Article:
The waste and recycling sector’s professional membership and trade bodies, CIWM and ESA, have announced a joint commitment to tackle ‘slavery, forced labour and human trafficking’ across the industry.
By working together, the two organisations have commited to will leveraging their combined membership, which has a significant reach across the UK’s major waste and recycling operators, to ‘reduce the risk’ of modern slavery across their membership base and the wider sector.
They will set out to awareness and understanding of the issue, outlining clear codes of practice and sharing ‘intelligence, guidance and best practice’. Both parties say they will work collaboratively to tackle the problem alongside other charities and sector bodies.
In 2018, just under 7,000 people were formally identified as being potential victims of modern slavery in the UK – up 300% from 2013. The situation is, however, likely to be ‘far more severe’, according to CIWM and ESA, who say The Global Slavery Index estimates that there are around 136,000 people living in modern slavery in the UK at any one time.
Issues as complex as modern slavery can only be addressed through meaningful collaborative and cross-sector working
The waste and recycling sector is a major UK employer, maintaining over 120,000 jobs (0.3% of total UK workforce). Despite operating in a highly regulated environment, with increasingly robust employment policies, the industry does embody a number of ‘characteristics’ which can be exploited by criminal activity, the bodies say.
These include high levels of sub-contracting and the employment of low-skilled, temporary workers who often originate from outside of the UK.
“Issues as complex as modern slavery can only be addressed through meaningful collaborative and cross-sector working”, said Sarah Poulter, CEO of CIWM. “The UK waste and recycling sector has developed some of the most robust employment practices found anywhere in the UK but there is always more that we can do.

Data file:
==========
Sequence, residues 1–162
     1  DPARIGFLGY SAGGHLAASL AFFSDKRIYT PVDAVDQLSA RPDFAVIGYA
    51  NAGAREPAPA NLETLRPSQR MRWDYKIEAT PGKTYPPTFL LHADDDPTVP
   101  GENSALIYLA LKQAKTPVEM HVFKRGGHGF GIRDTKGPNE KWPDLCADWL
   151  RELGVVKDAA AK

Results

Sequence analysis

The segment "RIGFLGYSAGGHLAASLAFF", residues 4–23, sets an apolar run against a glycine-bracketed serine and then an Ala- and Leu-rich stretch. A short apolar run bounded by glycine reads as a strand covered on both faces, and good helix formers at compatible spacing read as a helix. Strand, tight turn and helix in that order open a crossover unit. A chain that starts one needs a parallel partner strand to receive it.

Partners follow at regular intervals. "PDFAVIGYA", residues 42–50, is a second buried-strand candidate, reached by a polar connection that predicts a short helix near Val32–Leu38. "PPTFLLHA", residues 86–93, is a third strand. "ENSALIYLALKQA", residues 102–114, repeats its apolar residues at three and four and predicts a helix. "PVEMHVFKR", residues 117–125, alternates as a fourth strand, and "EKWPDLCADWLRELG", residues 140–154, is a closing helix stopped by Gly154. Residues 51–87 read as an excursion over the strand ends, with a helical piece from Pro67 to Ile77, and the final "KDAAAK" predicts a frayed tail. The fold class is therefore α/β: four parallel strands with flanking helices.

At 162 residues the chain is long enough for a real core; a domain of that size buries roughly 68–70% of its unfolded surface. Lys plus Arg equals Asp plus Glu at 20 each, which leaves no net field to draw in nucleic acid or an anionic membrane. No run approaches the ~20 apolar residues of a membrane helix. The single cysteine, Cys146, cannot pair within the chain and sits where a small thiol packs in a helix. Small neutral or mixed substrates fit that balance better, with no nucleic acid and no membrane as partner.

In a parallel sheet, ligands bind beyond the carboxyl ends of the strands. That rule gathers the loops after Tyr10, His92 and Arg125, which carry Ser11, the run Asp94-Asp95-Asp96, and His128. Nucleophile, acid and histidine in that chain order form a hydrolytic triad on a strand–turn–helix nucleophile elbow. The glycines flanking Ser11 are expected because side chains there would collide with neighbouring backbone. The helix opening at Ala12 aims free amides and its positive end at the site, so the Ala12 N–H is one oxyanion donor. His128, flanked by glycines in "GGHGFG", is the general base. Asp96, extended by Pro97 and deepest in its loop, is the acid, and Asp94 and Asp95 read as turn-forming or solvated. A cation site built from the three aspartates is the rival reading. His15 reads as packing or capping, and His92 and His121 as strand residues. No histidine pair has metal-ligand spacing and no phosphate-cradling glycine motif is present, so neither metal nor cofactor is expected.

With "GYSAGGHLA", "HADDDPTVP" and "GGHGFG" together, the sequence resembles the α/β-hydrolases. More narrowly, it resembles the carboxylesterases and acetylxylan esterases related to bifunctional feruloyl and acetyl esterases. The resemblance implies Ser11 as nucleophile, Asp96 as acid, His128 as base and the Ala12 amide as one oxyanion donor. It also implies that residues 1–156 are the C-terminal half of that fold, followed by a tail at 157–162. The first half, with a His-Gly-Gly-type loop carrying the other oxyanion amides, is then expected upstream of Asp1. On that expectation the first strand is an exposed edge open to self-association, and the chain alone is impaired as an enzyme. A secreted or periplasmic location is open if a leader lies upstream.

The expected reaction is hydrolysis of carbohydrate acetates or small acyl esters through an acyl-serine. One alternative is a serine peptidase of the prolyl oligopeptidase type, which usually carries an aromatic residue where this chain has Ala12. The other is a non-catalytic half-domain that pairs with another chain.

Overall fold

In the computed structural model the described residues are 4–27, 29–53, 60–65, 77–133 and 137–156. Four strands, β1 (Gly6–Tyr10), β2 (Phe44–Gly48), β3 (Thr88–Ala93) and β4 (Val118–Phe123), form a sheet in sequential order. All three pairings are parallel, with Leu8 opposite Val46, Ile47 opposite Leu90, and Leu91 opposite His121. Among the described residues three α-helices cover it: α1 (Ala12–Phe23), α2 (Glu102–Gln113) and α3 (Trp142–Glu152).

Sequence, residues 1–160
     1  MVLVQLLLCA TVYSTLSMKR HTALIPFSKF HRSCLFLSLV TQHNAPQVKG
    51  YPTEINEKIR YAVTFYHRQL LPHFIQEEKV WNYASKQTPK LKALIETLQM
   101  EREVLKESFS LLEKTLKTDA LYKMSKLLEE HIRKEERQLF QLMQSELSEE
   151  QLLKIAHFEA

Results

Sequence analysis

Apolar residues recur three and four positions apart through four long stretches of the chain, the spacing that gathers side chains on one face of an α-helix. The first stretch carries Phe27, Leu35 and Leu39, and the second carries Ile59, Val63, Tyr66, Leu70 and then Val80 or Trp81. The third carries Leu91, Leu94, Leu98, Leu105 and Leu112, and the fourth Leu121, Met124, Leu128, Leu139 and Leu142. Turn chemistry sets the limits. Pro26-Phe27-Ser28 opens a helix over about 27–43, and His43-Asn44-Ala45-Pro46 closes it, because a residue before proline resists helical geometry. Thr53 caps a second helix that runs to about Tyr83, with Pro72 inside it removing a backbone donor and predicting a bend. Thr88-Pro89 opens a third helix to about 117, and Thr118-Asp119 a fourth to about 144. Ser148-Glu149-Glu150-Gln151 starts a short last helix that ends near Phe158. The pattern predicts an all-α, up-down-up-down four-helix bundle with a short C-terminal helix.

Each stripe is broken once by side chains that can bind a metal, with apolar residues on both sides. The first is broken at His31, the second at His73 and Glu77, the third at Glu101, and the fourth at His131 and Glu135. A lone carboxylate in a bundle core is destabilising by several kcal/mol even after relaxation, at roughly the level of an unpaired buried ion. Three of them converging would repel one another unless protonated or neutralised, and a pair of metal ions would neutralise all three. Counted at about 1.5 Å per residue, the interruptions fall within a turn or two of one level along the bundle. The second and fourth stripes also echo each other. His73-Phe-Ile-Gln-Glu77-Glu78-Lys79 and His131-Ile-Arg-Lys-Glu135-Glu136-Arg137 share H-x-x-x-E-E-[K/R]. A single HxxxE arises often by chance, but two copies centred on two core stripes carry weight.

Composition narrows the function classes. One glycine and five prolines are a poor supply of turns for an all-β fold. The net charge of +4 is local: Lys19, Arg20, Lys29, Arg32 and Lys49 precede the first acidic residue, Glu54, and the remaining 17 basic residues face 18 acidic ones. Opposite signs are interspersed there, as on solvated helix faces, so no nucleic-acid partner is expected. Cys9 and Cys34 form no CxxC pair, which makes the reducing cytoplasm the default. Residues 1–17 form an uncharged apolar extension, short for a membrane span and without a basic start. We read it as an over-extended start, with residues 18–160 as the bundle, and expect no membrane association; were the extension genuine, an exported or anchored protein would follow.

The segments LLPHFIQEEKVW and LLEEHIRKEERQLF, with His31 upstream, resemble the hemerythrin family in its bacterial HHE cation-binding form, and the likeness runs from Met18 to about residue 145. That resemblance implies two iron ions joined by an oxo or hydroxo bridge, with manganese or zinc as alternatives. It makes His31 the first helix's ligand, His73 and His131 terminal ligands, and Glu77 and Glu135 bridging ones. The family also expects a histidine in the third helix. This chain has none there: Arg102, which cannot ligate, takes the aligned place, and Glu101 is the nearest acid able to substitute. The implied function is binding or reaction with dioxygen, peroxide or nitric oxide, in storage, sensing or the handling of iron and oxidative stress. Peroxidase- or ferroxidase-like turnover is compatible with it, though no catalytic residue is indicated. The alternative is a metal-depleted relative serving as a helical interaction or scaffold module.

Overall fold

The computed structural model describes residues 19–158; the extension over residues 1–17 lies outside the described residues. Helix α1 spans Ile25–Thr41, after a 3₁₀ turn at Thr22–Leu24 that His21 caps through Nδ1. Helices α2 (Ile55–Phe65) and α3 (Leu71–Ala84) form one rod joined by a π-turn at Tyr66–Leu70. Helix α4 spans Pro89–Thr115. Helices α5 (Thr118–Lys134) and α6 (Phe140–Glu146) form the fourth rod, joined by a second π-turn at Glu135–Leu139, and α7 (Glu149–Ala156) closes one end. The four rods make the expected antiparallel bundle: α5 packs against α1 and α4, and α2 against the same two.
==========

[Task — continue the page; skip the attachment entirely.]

“Both CIWM and ESA have been committed to addressing this issue for some time now and a crucial first step was to recognise that we work in an industry where this can be a problem and to promote honest and open dialogue. We look forward to working with ESA and our members to implement effective working practices that will protect both the people and businesses delivering this vital service.”
Executive Director of the ESA, Jacob Hayler, said: “Modern slavery is a horrific crime which can devastate lives and families and we know that the recycling and waste sector has been previously targeted by criminals. The ESA has set clear standards for its members, to help drive any criminal activity out of our sector, and these are enshrined within our code of conduct.
In recognition that this affects whole sector, and will require collaborative action to address, we are pleased to partner with CIWM to make this joint commitment today – working together to reinforce standards and compliance; to raise awareness and develop best practice; to share intelligence and to support our combined members develop proactive anti-slavery strategies.”
Further detail on the CIWM and ESA commitment be found here.